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Copyright 2013 by
Randy Pflanzer
Technology Professionals Consortium
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   What's New?
  02/01/13 - Reformatted web page.


Rear Bumpers

The rear bumpers, boy, did I have trouble with these.  First, the instructions are not very helpful when it comes to placement.  Two, they don't really fit the frame mounts, or at least, mine didn't.

First thing was to get the proper placement and to make it the same place on both sides.  Since the bumpers stand out, if they are not located in the same location relative to one another, that fact will become readily apparent to anyone behind you.  So it was time to get out the laser level and some plumb bobs and go to work.  At this point, I have the body fit into it's final position on the frame INCLUDING the rubber body cushions, and the trunk support mounts in place and the truck screwed down to them.

I used a plumb bob to find the center of the trunk support mounts.  I wanted the holes for the bumper rods to be centered on the mount.  That placed the bumper midway between the taillights and the trunk openings.  This is slightly outside of the marks on the body for the bumpers, which the instructions tell you to ignore anyway.  On the prototype, the bumpers are closer to the trunk opening than the taillight.  The top line on the tape is the bottom of the trunk liner.  No holes can go above that line or your bumper mounts will intrude into the trunk and that won't look cool.

Vertical placement is pretty much a given since you have to be below the trunk floor.  Honestly, I think the bumpers look better up higher.  That's the way they are on a lot of the other kits out there, but there's no choice here unless you want to mess inside the trunk with different mounts, etc.  I drilled my holes as high as I could and then used my laser to point through the pilot hole to mark the location of the holes in the trunk support mount.  I used a drill bit extension to reach through the holes in the body to drill the holes in the mounts the bumper extensions.

The placement of the bumpers out away from the body is pretty much a personal choice.  I looked at a lot of pictures and found them everywhere from right up against the body to almost a foot away, which I thought looked a little funny.  The top of my extensions are about 1 1/4" away from the body and mounted so the inside edge is vertical when the car is level.

Unfortunately when I have the bumpers places vertically where I want them, the mounting holes are not level.  The mounting plate welded inside the rear bumper is not vertical, so the bumper extensions missed my mounting holes.  My solution was to cut a piece of angle to weld to the mounting plate that would match up to the bumper extensions.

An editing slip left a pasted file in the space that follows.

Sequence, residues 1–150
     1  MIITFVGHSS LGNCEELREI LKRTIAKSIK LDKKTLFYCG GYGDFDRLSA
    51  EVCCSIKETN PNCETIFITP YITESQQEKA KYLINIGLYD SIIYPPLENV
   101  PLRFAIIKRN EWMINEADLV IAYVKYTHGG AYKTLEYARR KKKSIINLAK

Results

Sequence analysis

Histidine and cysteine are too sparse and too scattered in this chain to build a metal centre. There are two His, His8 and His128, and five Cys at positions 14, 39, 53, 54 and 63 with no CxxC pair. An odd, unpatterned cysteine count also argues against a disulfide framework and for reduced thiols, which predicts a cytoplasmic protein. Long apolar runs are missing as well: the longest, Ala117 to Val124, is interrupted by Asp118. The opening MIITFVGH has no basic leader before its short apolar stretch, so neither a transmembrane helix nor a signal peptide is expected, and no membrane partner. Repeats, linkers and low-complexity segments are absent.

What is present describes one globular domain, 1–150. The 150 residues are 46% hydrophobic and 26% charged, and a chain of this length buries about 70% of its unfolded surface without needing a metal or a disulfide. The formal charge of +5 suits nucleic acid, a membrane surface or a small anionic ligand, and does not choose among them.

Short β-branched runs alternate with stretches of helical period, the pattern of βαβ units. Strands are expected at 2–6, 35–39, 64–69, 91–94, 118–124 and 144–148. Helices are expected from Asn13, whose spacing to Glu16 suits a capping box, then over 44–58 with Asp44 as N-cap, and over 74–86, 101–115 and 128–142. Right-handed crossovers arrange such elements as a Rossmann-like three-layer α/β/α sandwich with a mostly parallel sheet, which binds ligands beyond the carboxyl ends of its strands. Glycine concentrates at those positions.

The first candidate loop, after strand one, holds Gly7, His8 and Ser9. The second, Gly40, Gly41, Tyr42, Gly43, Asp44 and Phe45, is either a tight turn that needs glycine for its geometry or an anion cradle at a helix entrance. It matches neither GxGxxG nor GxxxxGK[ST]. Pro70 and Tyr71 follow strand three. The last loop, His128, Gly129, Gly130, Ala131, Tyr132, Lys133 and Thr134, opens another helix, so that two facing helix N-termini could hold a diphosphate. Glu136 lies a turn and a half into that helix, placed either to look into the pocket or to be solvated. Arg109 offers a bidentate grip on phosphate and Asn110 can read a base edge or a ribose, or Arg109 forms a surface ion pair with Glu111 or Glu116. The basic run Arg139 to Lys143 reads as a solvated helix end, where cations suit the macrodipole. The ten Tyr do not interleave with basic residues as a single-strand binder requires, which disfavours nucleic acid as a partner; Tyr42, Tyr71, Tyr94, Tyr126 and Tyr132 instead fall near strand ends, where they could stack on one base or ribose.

Here is the angle tack welded in place.  You can see that the forward face is cut at an angle to match the angle of the extensions.  The extensions were shortened to match the new mounting location.  Now this took almost two days to get right.  I installed, clamped, measured, removed, cut, re-installed this assembly more than 6 times before I got it where I wanted and I got both sides the same.

I'm glad they are finally done.  I will finish weld these mounts once I break down the body and frame for paint.

Side Pipes

The first step in mounting the side pipes is to get an opening cut in the body in order to trial fit the pipes.  I used my laser level again.  I set it on the air filter and set a line down each edge of the pipes and onto the inside of the body.  Then using tape, I transferred those lines to the outside of the body.  This allowed me to get a very accurate location marked.  I cut just outside of the lines to give me a little clearance to mount the pipes.  I do not want to cut the final clearance in the body until the pipes are bolted into their final position.  Then I will cut in a 1/2" clearance all around.

I knew this was going to happen based upon posts from other builders.  The pipes do not follow the lines of the frame evenly.  In order to correct this, I had to grind on the mounting flange.

I would love to have a surface grinder to very accurately adjust these, but since I don't, I'll have to do the best I can.  The gasket should cover up the minor imperfections.

I used my metal ruler to look for gaps and high points and I ground the flange just about as far as I felt comfortable.  I ended up lower than this picture shows after three or four trial fittings.

After trying to get the right fit by grinding, I finally gave up and ordered some extra gasket sets.  I cut an aluminum spacer and tapered the gasket towards the cut edge.

I then sandwiched the spacer between two sets of gaskets.  This finally gave me the angle I was looking for.  I'm no sure how this will hold up over time, but I'm willing to give it a try for now.

I borrowed this mounting suggestion from another builder.  Rather than bolt the end tab of the side pipe directly to the frame mount, I used my torch and cut the frame mounts off of both sides.  I used some angle to make up a mounting flange that will get welded to the underside of the floor pan and frame.

The whole assembly looks like this and once mounted, I can weld in the angle to the frame.

This is the final fit I was able to achieve.  I think this will work out fine.  I have some guards to add to the muffler.  I will do that during the final installation after paint.

The next step is to mount the gas cap to the body and connect up the filler tube to the tank.  That work begins on the next page.